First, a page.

Untied Bronze Chains
Satyricon, Behemoth and Hecate Enthroned
at the Hafenbahn, Offenbach, Germany

by: Matthias Noll
My first show in the new millennium and fortunately a more than promising start. Due to non-existing promotion, a rather small audience (about 300 people) had gathered to watch this event. For Hecate Enthroned this meant that they had to play in front of the 150 who showed up to see all three bands. Frankly, those who came later did not miss a thing. Personally, I had rather high hopes, because I had come to a point where I thought a band which receives as much bashing as Hecate does must at least have some appeal. Unfortunately, the band was totally lame in every category. Their small amount of stage acting left the impression that, with the exception of singer Dean, all bandmembers would have preferred not to move at all or stay in the backstage area. Now and then the guitarists seemed to remember that there was an audience watching and started to headbang for a couple of seconds only to freeze again shortly after. Musically it wasn't the 100% Cradle of Filth rip-off I had been afraid to encounter. Still, a fair amount of similarities clearly showed, especially in their older material. Besides these similarities in style, the two bands don't have much in common -- I didn't hear one convincing song, just 30 minutes of death/black metal cliche material, sewn together like an alpha version of Frankenstein.

Fortunately, Behemoth considerably raised the quality level. Even if the three-piece wasn't able to reproduce the cold, industrial feeling and the tightness (especially the guitar work was sloppy) of their excellent _Satanica_ album [CoC #43], they nevertheless left a very good impression. "Decade of Oepion", "Lam", "From the Pagan Wastelands" and my favorite, the closing track "Chant for Exhaton 2000", were all played with the necessary dedication and aggression; the stage acting was alright and when the fire-spitting Polish warriors left the stage they had won another victory on their Pagan crusade.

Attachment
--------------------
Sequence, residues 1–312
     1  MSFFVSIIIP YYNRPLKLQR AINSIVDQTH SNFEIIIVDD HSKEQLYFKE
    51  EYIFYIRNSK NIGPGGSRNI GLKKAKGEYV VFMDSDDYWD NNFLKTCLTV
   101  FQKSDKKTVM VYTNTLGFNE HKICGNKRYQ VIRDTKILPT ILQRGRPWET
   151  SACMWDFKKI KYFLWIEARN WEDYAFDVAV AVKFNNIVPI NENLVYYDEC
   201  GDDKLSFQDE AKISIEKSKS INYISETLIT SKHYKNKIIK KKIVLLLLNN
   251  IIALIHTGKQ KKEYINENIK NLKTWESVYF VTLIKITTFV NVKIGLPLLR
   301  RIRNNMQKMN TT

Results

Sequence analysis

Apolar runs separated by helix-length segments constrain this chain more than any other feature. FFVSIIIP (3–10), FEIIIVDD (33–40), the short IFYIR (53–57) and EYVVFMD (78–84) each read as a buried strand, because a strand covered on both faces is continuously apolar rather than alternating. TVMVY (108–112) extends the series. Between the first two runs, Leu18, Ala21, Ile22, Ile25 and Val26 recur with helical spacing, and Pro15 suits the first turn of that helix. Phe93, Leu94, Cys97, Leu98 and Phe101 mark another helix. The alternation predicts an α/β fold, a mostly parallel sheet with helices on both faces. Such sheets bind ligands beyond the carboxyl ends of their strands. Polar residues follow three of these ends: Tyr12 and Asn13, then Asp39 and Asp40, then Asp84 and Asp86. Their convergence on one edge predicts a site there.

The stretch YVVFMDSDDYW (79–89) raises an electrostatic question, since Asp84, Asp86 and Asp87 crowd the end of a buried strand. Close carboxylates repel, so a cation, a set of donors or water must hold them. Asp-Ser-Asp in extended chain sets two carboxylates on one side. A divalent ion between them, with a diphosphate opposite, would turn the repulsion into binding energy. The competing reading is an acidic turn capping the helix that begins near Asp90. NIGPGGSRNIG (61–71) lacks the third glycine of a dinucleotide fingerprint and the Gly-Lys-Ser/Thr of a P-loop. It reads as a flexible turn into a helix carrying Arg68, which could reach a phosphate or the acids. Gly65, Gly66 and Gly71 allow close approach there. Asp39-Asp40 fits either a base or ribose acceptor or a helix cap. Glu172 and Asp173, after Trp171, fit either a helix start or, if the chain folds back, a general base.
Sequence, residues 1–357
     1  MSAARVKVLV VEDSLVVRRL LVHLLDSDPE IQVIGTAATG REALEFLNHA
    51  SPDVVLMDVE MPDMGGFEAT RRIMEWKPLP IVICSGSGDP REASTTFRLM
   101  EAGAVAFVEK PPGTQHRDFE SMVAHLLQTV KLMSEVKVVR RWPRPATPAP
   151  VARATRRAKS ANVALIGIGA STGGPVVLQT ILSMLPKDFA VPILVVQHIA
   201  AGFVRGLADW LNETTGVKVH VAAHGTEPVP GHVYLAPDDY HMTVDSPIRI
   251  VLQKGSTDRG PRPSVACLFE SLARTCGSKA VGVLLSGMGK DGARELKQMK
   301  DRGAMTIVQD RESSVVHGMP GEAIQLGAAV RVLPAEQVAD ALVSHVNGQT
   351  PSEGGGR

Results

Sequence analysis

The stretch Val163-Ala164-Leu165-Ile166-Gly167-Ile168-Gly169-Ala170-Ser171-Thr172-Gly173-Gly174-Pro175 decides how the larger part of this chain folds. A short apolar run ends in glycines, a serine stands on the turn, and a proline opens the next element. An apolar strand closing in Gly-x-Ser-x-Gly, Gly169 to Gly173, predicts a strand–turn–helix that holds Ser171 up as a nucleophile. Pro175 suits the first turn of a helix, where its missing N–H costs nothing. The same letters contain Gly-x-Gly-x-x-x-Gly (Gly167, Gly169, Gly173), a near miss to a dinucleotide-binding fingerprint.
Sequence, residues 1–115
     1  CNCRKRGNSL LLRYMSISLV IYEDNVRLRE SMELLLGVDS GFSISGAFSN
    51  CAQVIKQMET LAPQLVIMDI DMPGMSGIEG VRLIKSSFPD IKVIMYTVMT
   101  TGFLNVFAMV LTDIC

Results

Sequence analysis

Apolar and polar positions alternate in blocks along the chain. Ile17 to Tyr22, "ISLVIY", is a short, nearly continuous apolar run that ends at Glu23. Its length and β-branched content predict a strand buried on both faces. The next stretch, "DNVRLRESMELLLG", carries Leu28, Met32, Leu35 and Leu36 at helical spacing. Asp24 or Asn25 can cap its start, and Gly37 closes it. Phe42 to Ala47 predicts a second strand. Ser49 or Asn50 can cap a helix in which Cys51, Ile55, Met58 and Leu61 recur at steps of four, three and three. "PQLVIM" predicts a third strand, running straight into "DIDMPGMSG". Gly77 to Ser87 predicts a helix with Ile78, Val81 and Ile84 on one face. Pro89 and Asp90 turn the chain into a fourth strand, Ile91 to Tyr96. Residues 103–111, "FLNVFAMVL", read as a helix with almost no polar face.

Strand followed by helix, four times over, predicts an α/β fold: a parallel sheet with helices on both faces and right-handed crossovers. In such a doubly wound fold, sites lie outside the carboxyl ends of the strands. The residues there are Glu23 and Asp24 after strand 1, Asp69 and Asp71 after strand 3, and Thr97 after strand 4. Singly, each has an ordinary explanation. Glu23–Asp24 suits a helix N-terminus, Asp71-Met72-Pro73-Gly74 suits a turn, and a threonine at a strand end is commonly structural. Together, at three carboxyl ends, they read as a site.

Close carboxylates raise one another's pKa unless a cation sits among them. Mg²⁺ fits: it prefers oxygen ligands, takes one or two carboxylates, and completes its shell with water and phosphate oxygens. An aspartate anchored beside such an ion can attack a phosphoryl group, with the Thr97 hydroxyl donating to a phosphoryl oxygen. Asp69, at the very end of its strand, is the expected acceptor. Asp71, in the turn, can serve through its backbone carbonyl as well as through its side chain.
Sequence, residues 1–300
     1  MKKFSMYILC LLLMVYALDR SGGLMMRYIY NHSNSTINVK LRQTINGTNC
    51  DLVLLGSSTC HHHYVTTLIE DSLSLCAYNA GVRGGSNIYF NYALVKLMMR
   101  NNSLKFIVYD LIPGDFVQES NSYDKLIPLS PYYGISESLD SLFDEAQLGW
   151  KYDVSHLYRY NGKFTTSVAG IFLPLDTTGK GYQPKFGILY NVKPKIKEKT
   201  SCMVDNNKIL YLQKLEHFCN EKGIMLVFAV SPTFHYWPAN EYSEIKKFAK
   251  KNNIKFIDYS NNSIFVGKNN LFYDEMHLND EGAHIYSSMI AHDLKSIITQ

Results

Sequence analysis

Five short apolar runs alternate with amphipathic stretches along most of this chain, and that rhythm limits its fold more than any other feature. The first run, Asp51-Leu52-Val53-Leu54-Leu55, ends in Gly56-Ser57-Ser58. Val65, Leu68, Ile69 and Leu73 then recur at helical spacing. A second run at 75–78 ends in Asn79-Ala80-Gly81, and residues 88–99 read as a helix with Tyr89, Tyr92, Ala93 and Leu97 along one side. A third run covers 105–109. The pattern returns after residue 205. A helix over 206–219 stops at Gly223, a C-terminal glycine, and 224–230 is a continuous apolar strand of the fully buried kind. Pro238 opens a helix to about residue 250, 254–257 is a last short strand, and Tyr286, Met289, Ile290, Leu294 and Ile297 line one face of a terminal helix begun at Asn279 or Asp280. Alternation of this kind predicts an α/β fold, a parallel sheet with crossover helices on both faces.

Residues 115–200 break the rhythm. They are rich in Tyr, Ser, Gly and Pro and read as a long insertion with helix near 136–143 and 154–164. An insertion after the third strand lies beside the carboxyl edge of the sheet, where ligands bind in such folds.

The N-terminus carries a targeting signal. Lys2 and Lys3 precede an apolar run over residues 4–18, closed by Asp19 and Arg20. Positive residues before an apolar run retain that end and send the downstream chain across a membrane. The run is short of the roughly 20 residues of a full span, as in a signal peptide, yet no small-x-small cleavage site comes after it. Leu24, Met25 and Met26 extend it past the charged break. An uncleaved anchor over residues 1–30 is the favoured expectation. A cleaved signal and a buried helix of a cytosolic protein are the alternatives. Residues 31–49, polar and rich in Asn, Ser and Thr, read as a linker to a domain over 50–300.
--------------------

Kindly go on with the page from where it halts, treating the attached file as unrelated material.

The guy behind the mixing desk plugged in another thick cable and somehow I knew that things were starting to get serious now. Satyricon entered the stage and their line-up consisted of six musicians. A female keyboardist, two guitarists, Emperor bass player Tyr and, last but not least, Satyr and Frost. All band members wore traditional corpse-paint with the exception of Satyr, in his _Rebel Extravaganza_ [CoC #43] cover look. The opener "Prime Evil Renaissance" slammed into the crowd like a high-speed racing car and the whole place was going berserk. Satyricon delivered one of the best black metal shows I ever was lucky enough to witness. Musicianship, sound, setlist -- everything close to perfection. On top of that, Satyr proved to be a charismatic frontman, confident enough to use his normal voice when talking to the crowd. From my point of view, the setlist was flawless: "Filthgrinder", "Havoc Vulture", "The Scorn Torrent", "The Dawn of a New Age", "Kvite Krists Dod" and a couple of others. The biggest surprise came shortly before the band left the stage for the first time. Satyr got himself a guitar and with three axemen the band stunned the place with an unbelievable version of "Blessed From Below" from the _Intermezzo II_ EP [CoC #42]. Pretty unusual for a black metal show, Satyricon played for about 90 minutes and came back for a couple of encores. "Tied in Bronze Chains", a neckbreaking version of "Mother North" and finally the Slayer cover "Raining Blood" ended the set. It's going to be hard for most bands to top this experience and I'm happy to say that after the Marduk disappointment [CoC #45] Satyricon succeeded in restoring my faith in black metal live performances.

(article submitted 5/3/2000)

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